Interview with Loren Jeffries
Having sent several emails to local artists for an interview, I was able to find one a little closer to home. A practicing artist for over 50 years, Loren Jeffries is a man of many talents having written several books pertaining to history and reflecting his love for Meso America and Native American culture within his woodblock prints. Having been a U of L Alumnus graduating with a Master’s degree in Art history, Jeffries has once again settled back to Louisville, Kentucky after traveling to the west. Jeffries is still an active member of the art and archeology community and travels occasionally to give lectures on his 35 year research project pertaining to Meso-American Codex’s and Fractal Calendars. I was able to personally meet with Jeffries in his dwelling for a formal interview where I was able to view his studio space, previous works, and his current project. His studio space lives in the outer dining room where he has set his supplies, tools, and previous works on display. I approached this space and noticed his in-progress woodblock with a Meso American design and began my interview from this observation. - Noelle Wilcox
Wilcox: “I noticed that you used sharpie marker as an outline for your woodblock drawing, do you use that method for every print you pull?”
Jeffries: “No, not for every print I pull. In this I’m trying to do a lot of tricks where I show my mastery of techniques and virtuosity. I’ve been doing it a long time, if you can cut wood and make wood look soft or smooth and replicate something into that hard surface then you’ve mastered the wood. Here’s an opportunity for me to put a lot of things together and show my skill set.”
Wilcox: What or who are your influences?
Jeffries: “My printmaking influences would be from a Yaley named Henry Schakowsky who taught at U of L. They brought him here from Yale and he brought some other Yale faculty, we had a really good art community. Other than these Yale teachers that I thought were awesome, I really enjoyed Rudy Pozzatti’s work, he was a great influence to me. There’s not too many now, I guess you could say that I was a second generation of this imported skill set- and I guess that has all changed now. For example, I was taught to use a wooden spoon to create my prints at home but now that’s a thing of the past, but that’s the only way I know. Same with drafting pens, they don’t use the same equipment, the way I learned is not what is taught now and I’m in rare company.”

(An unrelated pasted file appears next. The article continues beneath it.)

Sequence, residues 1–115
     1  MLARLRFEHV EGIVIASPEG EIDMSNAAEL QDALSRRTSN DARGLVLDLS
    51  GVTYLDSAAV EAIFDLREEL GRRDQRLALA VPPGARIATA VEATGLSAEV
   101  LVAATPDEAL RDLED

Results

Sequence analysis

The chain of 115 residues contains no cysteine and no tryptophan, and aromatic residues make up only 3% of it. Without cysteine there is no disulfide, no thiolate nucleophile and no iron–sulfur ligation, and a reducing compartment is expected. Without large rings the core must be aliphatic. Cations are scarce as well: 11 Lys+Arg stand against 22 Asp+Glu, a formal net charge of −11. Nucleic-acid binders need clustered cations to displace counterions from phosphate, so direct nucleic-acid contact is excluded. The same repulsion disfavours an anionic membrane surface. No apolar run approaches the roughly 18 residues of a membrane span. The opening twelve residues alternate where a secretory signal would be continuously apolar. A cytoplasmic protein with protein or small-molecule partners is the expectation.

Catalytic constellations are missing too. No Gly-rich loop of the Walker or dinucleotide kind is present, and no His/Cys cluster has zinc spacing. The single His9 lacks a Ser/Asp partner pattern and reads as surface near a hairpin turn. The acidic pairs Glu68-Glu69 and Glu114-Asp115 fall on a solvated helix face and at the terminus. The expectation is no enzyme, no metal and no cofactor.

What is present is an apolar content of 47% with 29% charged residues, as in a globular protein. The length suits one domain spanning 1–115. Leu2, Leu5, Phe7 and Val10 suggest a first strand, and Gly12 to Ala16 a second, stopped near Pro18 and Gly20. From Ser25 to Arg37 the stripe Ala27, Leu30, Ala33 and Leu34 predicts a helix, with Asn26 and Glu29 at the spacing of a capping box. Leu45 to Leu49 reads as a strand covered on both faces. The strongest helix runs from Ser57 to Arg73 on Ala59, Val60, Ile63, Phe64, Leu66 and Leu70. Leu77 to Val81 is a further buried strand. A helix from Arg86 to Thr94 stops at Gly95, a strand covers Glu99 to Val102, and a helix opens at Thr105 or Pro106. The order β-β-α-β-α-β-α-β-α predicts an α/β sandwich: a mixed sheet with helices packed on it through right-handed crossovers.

“I’ve been told that my work is strong, that the imagery is strong and if I’m competent about doing a professional job of it, then that makes me satisfied. And you know I can sit down here for hours and be perfectly content, I love the way a sharp chisel feels in the wood and I can just keep cutting. Creation is an inspiration and the world inspires me.”
Jeffries began to show me his publications and pointed out his discoveries and interpretations of ancient artifacts that he studied.
“At times I will go down to the U of L rare editions library, and sit there on a big long table looking over the stacks with a glass sometimes all day, so yeah a lot of research goes into everything I do. Many years of reading and research.”